Malta 24 working days (192 hours)
Mexico Starts at minimum 6 days for the 1 year of employment. Increases to 8 days after the second year, to 10 days after the third year, 12 days after the fourth year and to 14 days from year 5 o year 9; then every 5 years increases two days.
Netherlands 4 weeks
New Zealand 4 weeks as of April 1, 2007, plus 11-12 paid public holidays, depending on which day they fall.
Norway 25 working days
Pakistan 15 working days
Paraguay 14 days
Peru 14 days
Philippines 5 days, rendered at least 1 year of service is entitled to a yearly service incentive leave.
Poland 20 working days (to 10 years of employment) and 26 working days (after 10 years of employment) in 5-days-workweek. Plus 13 days of the public holidays.
Portugal 22 working days, up to 25 without work absences in previous year.
Puerto Rico 15 days
Romania 21 working days
Russia 28 calendar days (52 in Extreme North regions) {for militaries 30/45 days except for drafted}, plus 12 public holidays (they neither count nor pay) [11] There is the 10-nonbankdays streak in January (6 of them are holidays).
Serbia 20 working days minimum (effectively 4 weeks, law defines working week as 5 working days for purpose of paid vacation), plus 9 bank holidays and up to two more days depending on religion of employee.
Saudi Arabia 30 days
Singapore For regular employees, 7 days with 1 additional day per year up to a maximum of 14 days. No statutory minimum leave for seamen, domestic workers, or employees in managerial or executive positions.[12]
Slovakia 20 days, 25 days after 15 years of employment
Slovenia 20 working days of leave and 13 public holidays.
South Africa 21 consecutive days, or 1 day for every 17 days worked, or 1 hour for every 17 hours worked,[13] not including 12 public holidays.[14] Regular workers may take a further 3 days of family responsibility leave.[15] Leave legislation does not apply to members of the National Defence Force, National Intelligence Agency, South African Secret Service or unpaid volunteers working for a charity.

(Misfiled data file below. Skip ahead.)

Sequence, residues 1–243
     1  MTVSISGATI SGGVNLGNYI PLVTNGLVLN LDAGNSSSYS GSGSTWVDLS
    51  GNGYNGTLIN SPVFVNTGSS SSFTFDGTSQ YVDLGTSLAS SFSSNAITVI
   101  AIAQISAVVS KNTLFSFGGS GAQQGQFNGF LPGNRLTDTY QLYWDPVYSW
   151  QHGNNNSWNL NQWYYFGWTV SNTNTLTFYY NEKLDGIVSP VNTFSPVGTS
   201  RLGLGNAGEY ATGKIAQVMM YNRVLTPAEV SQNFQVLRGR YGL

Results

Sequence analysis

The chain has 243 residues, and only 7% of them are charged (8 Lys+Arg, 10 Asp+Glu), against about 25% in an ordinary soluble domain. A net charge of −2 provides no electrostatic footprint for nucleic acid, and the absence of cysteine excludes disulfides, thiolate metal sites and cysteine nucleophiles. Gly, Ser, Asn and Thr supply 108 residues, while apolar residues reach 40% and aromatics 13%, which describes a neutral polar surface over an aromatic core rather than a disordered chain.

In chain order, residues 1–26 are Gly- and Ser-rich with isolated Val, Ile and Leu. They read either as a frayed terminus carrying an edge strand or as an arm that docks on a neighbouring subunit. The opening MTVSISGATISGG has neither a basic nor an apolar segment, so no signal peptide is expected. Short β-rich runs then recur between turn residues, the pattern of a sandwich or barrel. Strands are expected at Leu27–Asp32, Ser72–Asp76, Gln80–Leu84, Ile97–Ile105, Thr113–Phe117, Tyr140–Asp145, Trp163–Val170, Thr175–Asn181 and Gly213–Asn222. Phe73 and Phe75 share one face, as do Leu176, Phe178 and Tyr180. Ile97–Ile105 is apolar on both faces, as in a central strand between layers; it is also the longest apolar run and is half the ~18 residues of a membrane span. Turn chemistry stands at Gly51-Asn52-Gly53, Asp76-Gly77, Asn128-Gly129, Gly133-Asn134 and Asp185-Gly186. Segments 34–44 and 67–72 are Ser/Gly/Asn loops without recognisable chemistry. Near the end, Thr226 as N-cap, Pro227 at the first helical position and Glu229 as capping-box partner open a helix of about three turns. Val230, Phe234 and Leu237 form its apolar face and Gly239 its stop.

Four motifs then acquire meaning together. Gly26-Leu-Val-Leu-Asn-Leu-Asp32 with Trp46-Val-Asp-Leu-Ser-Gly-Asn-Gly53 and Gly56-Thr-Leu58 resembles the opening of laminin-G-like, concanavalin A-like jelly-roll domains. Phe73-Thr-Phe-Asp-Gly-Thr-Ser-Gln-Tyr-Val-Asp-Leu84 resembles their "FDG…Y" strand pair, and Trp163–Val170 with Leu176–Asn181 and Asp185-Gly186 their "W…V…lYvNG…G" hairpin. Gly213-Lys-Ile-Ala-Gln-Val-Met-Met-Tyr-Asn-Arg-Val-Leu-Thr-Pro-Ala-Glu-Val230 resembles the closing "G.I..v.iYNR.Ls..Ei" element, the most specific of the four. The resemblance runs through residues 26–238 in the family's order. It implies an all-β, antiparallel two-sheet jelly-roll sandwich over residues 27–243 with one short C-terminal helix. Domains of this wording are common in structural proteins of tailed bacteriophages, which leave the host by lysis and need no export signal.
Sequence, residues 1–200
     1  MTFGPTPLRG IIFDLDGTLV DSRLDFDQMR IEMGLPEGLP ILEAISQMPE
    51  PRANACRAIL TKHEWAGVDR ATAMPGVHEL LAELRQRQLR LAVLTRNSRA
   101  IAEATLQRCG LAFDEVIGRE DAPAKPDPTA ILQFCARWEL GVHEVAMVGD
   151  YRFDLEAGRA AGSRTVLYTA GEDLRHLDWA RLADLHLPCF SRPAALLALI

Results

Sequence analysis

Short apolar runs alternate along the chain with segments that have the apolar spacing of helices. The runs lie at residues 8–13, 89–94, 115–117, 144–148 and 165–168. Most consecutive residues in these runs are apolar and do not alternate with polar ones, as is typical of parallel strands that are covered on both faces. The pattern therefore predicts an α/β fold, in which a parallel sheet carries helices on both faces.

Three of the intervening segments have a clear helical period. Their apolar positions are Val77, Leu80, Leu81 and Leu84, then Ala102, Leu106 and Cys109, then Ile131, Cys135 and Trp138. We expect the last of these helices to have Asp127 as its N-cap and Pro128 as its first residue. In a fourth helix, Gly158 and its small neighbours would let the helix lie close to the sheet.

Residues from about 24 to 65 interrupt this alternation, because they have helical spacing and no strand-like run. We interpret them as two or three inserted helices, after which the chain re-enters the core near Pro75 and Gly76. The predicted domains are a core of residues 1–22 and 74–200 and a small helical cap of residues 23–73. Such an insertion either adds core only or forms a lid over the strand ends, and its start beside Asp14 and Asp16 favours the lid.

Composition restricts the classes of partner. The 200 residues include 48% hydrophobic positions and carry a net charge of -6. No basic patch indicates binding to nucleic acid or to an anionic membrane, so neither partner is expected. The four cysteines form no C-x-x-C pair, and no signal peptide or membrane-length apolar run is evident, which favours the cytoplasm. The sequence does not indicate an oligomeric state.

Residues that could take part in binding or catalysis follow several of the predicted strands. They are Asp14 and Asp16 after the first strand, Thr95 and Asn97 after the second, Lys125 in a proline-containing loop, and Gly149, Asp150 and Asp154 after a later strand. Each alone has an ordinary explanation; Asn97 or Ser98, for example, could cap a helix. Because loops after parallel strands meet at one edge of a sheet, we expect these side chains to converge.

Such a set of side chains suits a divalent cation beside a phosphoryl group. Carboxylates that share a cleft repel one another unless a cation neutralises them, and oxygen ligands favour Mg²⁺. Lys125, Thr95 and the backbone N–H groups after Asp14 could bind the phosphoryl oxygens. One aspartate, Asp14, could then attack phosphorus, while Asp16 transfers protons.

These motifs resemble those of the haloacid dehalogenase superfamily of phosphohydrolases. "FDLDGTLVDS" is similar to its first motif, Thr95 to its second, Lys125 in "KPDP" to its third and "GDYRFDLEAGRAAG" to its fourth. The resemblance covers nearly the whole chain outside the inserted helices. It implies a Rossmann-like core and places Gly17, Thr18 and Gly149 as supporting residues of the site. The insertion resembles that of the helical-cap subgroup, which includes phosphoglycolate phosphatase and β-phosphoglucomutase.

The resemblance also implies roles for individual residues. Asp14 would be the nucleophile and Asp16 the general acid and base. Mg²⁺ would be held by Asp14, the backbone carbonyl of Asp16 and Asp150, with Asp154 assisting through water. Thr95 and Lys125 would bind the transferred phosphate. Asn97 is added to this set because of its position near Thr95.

Spain 22 work days, not including 14 public holidays.[16] (It is important to note that the workday in Spain totals nine hours: eight hours of work plus one lunch hour.)
Sri Lanka 28 Working Days - 14 Maximum Annual, 7 Casual and 7 Sick Leave [17]
Sweden 25 work days minimum
Switzerland at least 20 work days, plus 12-16 public holidays (usually not paid)
Taiwan 7 days
Tanzania 28 calendar days
Thailand 6 calendar days[18]
Turkey 12 work days
Tunisia 30 work days
Ukraine 24 calendar days
United Kingdom 5.6 weeks (28 work days), including 8 public holidays[19]
United States none[20]
Uruguay 20 working days (from 0 to 5 years seniority), 21 calendar days (from 5 to 8). Afterward, an additional working day is added every four years[21]
Venezuela 15 paid days for the first year + 1 day extra for every year of service until reaching 30 days. In addition, a maximum of 12 public holidays provided every holiday falls on a weekday.
Vietnam 10 working days.

ReferencesEdit

  1. TA: Vacation time France, United States
  2. http://de.wikipedia.org/wiki/Bundesurlaubsgesetz#Gesetzlicher_Mindesturlaub
  3. An employee is entitled to annual leave with pay after having been employed under a continuous contract for every 12 months. Chapter 4: Rest Days, Holidays and Leaves. A Concise Guide to the Employment Ordinance. Labour Department, Government of HKSAR. URL accessed on 2009-09-06.
  4. Icelandic law on employment leave
  5. Section 78 of the 1948 Factories Act
  6. Japan Labor Standards Act
  7. http://www.jacs.org.je/content/43/index.html
  8. Kazakhstan Labour Code, Art. 101
  9. http://www3.lrs.lt/pls/inter3/dokpaieska.showdoc_l?p_id=350635#straipsnis166
  10. http://luxembourg.angloinfo.com/countries/luxembourg/work7.asp
  11. http://www.ilo.org/dyn/natlex/docs/WEBTEXT/60535/65252/E01RUS01.htm#chap19, chapters 114 and 155 or http://www.tk-rf.com/glava19.html (Russian).
  12. Employment Act (Cap. 91), Sections 2 and 43
  13. http://www.labour.gov.za/legislation/acts/basic-guides/basic-guide-to-annual-leave
  14. http://www.info.gov.za/aboutsa/holidays.htm
  15. http://www.labour.gov.za/legislation/acts/basic-guides/basic-guide-to-family-responsibility-leave
  16. http://www.elpais.com/articulo/economia/Merkel/quiere/armonicen/vacaciones/jubilacion/UE/elpepueco/20110518elpepueco_2/Tes
  17. Shop and Offices Act: [1]
  18. Section 30 of the Thai Labour Protection Act (1998) [2]
  19. Frequently Asked Questions - BERR
  20. US law does not require employers to grant any vacation or holidays and about 25% of all employees receive no vacation time or holidays: No-Vacation Nation. For employees that do receive vacation, 10 working days with 8 national holidays is fairly standard. Members of the US Armed Services earn a total of 30 vacation days a year, not including national holidays.
  21. Ministerio de Trabajo y Seguridad Social (Uruguay) - Régimen de Licencia [3]